Termoli (Campobasso) is teatro delle Rotonde sul mare by Antonio De Felice (1979/84), an architect who was able to express a lot of himself in the city and who in this work of redevelopment of a public area engages passers-by in a game of crossed attention. The mosaic flooring tells a story and forces you to slow down, in order to think about the surrounding landscape which on one side overlooks the ancient village and on the other, with your back to the ancient church of Sant' Antonio, overlooks the Adriatic Sea with the first bathing establishments from the beginning of the 20th century. The area is adjacent to the Colombo seafront and heads towards Vasto, in a sequence of public spaces that interact with each other.

Lignano Sabbiadoro with its coastline hosts the Beach Pavilion designed by Giovanni Avon and built between 1955 and 1956. The project envisaged 12 seaside resorts but then only three were built, all of them crushed close to the seafront and with a symmetrical structure that has the center in a cylinder from which two wings of cabins start at 60 degrees, as if to embrace the beach. The flat roof of the cylinder gives a futuristic touch to the structure, made of simple materials: concrete and exposed bricks that decorate the facade.

In Lido di Spina Comacchio (Ferrara) there is a small wonder, the Remo Brindisi Museum House designed by Nanda Vigo in 1973. Born as the Remo Brindisi Alternative Museum, the building was conceived to contain the art collection of Brindisi and at the same time be a holiday home. The space is created in a cylindrical structure designed by the chrome handrail of a circular staircase which determines its volumes, between walls and white tiled floors. The stairway and ground floor areas are used for works while the two upper areas are used for private use. In a game of volumes, lights and transparencies, Nanda Vigo inverts the rules by plastering the outside and tiling the inside and letting the lush vegetation of the garden enter through every opening.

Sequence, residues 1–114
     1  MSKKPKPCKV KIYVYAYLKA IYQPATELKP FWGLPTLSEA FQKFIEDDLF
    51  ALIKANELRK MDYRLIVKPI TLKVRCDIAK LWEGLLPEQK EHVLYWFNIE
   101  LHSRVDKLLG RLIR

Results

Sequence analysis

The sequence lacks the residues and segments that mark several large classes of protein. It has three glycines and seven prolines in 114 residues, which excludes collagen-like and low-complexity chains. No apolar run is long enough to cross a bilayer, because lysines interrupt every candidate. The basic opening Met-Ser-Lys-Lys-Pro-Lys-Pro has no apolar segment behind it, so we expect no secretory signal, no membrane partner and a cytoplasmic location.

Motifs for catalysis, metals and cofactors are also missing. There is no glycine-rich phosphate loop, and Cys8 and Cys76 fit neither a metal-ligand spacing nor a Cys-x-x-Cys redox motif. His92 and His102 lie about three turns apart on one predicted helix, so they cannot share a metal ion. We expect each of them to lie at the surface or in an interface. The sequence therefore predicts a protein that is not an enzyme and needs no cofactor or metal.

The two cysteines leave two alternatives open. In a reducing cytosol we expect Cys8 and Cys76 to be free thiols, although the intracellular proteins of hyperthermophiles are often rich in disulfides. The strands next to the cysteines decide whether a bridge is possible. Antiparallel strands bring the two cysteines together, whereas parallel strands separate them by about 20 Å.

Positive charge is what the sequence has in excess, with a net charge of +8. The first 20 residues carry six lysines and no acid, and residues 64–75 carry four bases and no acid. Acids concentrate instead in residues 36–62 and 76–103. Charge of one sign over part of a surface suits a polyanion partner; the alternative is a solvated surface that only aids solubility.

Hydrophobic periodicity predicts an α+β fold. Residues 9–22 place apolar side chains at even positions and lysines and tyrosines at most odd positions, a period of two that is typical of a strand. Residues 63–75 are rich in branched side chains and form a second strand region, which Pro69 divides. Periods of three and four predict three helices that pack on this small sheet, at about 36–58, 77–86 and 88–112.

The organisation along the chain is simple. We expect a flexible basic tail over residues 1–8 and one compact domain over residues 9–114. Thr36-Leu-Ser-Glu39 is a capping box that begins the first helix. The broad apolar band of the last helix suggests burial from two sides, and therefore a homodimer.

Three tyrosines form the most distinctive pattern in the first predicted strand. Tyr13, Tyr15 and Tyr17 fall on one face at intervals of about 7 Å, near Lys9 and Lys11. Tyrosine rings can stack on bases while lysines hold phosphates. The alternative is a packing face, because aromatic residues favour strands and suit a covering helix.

Molino di Falcade is a small mountain town in the province of Belluno which houses the studio for the sculptor Augusto Murer, created by Giuseppe Davanzo between 1971 and 72 The building is tailor-made to meet the creative needs of Murer, who did not want to see the mountains from the studio windows: they would have intimidated him during the creative process.

Thus the Latin cross plan which divides the spaces according to the functions, the area for woodworking, that of plaster and the one, double height, for sculptures with a mezzanine for drawing (and to observe the sculptures from above), it is illuminated by strongly splayed windows to let in light without seeing the outside and ventilated by circular vents in the wall.

Large windows and two skylights facing north guarantee uniform light during the hours of the day, while different floors indicate the functions of the laboratories, in light stoneware and wooden planks. The studio is on the first floor and can be reached by an external staircase or an internal spiral staircase that connects it to the living room and a space for guests, but also suitable for displaying works.

A vault allows you to conserve the most precious materials, while an external storage area, protected by a shelter, houses the logs, which can be observed during their seasoning, which can then be transferred to the studio thanks to a hoist. The exteriors are also interesting because they are made of cubic modules which make the internal division of spaces explicit.

The province of Aosta, in the locality of Brusson, is home to the Colonia Montana Olivetti designed by Carlo Conte and Leonardo Fiori and built between 1955 and 1963. A monument to summer holidays and that The idea of ​​the factory understood not only as a workplace but as an environment of social aggregation.

A place capable of enhancing the person, thanks to a system of services described by Adriano Olivetti with these words: «The system of such services tends to give each of its activities the immediate meaning of a benefit or an adjustment of the worker to the factory and his place, but rather the more complete one of an integration capable of giving man back his responsibility for choice and judgement".

The building expresses all this by relating to the territory, both for the materials and for the continuous reference to the landscape which in turn is intertwined with a pedagogical and social idea of ​​architecture .

The first objective is to make the children staying at the facility interact with each other and with the natural environment. Thus the internal environments are separated but at the same time communicating with mobile wings that encourage meetings and relationships.